First-party data and analytics separate winners and losers

With a growing set of technical and regulatory restrictions to third-party tracking, brands and media companies will increasingly invest in marketing technologies, such as customer relationship management (CRM) systems and marketing automation tools, to generate and harness first-party data. Analytics layers on top of this data will enable a deeper view of the customer, greater personalization and the potential to foster an efficient and measurable ad business.

Efforts by advertising consortia are under way to create a universal, privacy-compliant, cross-channel identity system to replace third-party tracking. However, these efforts require standardized data practices and a critical mass of participating companies. Value will initially accrue to the walled gardens, which offer superior reach, identity graphs and measurement systems. However, value may be redistributed to smaller players throughout the funnel if new ID systems are successful.

Image: World Economic Forum

Data-driven channels enable micro-targeting at scale

  • Demand for more efficient targeting: As COVID-19 constrained marketing budgets, brands and agencies prioritized spending on digital channels that allowed them to target data-rich consumer profiles, accurately measure revenue attribution and rapidly test campaign efficacy. In H1’FY20, share of spending on digital channels will increase ~4% compared to H1’FY19; however, addressable TV advertising, which grew 37% in the US in FY19, provides dynamic household-level targeting designed to reinvigorate the TV ad market.
  • Desire for greater flexibility: Digital channels provide the flexibility to scale marketing campaigns quickly, which is key as brands have shied away from upfront TV commitments; these are expected to decline 27% in the 2020-2021 season in the US. The planning timeframe for TV campaigns in the US is shortening from 5-6 months pre-crisis to 2-3 months during the crisis.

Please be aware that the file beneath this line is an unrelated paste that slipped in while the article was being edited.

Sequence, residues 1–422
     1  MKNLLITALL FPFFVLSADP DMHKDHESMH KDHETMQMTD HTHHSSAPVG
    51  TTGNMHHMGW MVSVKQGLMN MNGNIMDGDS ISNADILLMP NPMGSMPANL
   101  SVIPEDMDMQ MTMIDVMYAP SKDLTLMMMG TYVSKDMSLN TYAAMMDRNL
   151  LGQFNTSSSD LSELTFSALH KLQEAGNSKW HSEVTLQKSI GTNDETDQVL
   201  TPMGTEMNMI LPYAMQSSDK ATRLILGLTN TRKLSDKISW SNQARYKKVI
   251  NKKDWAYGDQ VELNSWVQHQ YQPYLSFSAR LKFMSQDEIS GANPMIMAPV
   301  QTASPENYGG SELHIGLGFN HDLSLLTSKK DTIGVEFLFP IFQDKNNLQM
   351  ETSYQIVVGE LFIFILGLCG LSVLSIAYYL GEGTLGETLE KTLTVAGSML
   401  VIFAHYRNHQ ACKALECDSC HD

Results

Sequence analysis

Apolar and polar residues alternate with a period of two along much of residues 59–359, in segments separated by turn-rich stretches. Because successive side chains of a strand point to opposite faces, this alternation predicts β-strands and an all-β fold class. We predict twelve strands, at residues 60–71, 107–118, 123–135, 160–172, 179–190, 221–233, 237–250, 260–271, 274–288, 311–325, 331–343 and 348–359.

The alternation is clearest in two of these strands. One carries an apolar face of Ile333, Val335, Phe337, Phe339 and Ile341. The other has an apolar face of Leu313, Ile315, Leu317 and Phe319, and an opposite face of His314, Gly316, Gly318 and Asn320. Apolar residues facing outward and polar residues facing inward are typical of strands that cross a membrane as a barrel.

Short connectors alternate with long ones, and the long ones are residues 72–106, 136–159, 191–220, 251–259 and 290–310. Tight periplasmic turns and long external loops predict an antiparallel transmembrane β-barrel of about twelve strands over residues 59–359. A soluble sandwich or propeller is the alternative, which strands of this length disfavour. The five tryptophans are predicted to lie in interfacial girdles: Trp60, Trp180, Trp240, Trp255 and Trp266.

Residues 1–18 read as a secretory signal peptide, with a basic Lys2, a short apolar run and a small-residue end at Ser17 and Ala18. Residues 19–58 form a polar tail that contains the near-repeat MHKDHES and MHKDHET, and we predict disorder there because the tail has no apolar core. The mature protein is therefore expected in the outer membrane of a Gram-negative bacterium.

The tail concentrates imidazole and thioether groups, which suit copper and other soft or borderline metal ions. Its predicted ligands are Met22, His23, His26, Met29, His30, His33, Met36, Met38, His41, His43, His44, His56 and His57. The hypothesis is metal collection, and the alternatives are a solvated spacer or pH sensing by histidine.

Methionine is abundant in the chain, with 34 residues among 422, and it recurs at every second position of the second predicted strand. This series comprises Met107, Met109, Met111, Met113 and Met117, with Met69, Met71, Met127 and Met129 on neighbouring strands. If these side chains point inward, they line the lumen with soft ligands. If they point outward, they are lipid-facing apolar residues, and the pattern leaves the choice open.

Walled gardens prioritize full-funnel capabilities

Third-party tracking beginning to disappear

  • Limits to mobile tracking: Apple is limiting tracking across its apps by giving users the explicit option to opt out of the Identifier for Advertisers (IDFA), which creates a device ID that allows mobile marketers to track users and attribute spending across apps and websites.
  • End of cookie-based targeting: Google will phase out the use of third-party cookies in its Chrome Browser by 2022 and drive advertisers to Google tools that let them run targeted ads without direct access to users’ personal details.

First-party data is the critical starting point in the new ‘audience-first’ ecosystem, but it is the analytics and targeting capabilities that are layered on top that will set companies apart.

—Nikki Mendonça, Global Managing Director, Accenture Interactive, USA

About Us



Partners & Members

  • Join Us

Language Editions

Privacy Policy & Terms of Service

© 2024 World Economic Forum